9 March 2017Analysis

Employee benefit captives gain traction to tackle rising costs

An increasing amount of international companies are setting up multinational pooling and captive arrangements to tackle the rising costs of employee benefits, according to Willis Towers Watson.

The primary reason is usually to lower premium costs or reduce costs increases below local market inflationary levels.

Willis suggests savings of 14 and 25 percent can be generated on insured benefit costs for pro-actively managed multinational pools and employee benefit captives, respectively.

Research reveals average dividend returns for multinational pools of 6 percent, with top quartile results producing dividends of over 14 percent.

For employee benefit (EB) captives, the savings can be even greater with median surpluses of 15 percent and the top quartile producing 25 percent or more.

In some cases, captive arrangement arrangements delivered even higher returns because companies actively discounted their premiums up-front, before reinsuring them to their captives.

“The increasing costs of insurable employee benefits are hitting the radar of senior executives more regularly, with the result that there is greater urgency to understand and manage the drivers of these costs and their growth,” said Roger Beech, director of global services and solutions at Willis Towers Watson.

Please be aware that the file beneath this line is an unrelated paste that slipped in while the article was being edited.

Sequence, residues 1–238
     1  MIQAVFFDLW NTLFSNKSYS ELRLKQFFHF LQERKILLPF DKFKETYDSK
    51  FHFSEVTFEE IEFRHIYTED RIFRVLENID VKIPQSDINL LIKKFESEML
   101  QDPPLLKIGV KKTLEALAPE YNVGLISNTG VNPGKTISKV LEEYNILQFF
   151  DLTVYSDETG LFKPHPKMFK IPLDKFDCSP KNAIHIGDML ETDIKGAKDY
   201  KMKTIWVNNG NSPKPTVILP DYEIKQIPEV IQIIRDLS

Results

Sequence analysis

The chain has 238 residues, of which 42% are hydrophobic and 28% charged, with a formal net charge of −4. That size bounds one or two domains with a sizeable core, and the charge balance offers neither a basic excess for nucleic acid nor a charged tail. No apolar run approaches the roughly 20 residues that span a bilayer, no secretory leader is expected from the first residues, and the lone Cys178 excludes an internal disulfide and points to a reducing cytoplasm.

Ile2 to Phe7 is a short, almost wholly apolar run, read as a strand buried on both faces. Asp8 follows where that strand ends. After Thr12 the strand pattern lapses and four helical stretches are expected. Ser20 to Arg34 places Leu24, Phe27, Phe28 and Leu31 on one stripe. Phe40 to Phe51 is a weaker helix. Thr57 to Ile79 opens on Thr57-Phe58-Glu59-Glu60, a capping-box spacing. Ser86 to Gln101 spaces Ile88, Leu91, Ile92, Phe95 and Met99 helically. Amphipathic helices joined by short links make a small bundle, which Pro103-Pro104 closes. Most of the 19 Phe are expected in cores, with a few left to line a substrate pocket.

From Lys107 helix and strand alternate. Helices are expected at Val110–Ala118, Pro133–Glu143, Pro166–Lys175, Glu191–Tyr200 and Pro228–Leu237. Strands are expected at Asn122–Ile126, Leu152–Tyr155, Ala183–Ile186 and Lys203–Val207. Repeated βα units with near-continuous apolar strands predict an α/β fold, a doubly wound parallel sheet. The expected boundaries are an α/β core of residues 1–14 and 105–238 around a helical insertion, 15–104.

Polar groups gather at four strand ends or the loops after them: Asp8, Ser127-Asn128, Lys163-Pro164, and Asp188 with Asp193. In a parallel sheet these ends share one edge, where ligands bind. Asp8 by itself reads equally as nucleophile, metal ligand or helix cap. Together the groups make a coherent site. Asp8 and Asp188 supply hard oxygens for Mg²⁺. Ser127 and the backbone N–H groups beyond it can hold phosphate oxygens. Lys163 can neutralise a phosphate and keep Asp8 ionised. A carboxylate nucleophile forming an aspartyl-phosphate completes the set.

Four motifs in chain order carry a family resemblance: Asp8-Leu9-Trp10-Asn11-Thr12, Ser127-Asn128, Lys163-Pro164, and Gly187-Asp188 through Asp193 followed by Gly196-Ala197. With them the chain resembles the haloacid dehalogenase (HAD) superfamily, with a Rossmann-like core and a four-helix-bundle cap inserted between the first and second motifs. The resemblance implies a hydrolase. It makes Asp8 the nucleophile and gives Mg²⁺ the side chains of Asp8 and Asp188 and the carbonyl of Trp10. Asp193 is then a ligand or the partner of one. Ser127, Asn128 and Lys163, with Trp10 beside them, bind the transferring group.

“The annual costs for insurable employee benefits can easily exceed $25 million for a company with 20,000 employees around the world, so the use of multinational pooling and employee benefit captives can deliver significant cost savings for many companies.

When looking at the performance of multinational pooling broken down by geography, Sweden produced the largest savings as a percentage of total premium pooled at 41 percent, while contracts in Canada were the worst performers with average returns of –16 percent.

Beech continued: “As multinational companies seek out cost management opportunities, approaches to create a competitive advantage, taking a proactive and considered approach to the management of insurable benefits results in relatively easy savings.”

Variations in profitability for employee benefit captives were even wider with Japan producing the largest returns at 55 percent, while Ireland was the worst performer with average returns of –24 percent.

“The findings do not mean that companies should automatically include every benefit plan in Sweden or Japan, or exclude every contract in Canada or Ireland. Rather they should conduct due diligence and consider their own objectives, claims experience, premium rates, network retention levels and other factors before adding or continuing to include any contract in their pool or captive,” Beech added.

Breaking down the types of employee benefits business, life insurance contracts were the most consistently profitable, with returns of nearly 27 percent for employee benefit captive business and 19 percent for multinational pooling.

Stand-alone healthcare contracts produced average returns of 0.7 percent for EB captives but were consistent deficit producers for multinational pools, with average returns of –6.3 percent.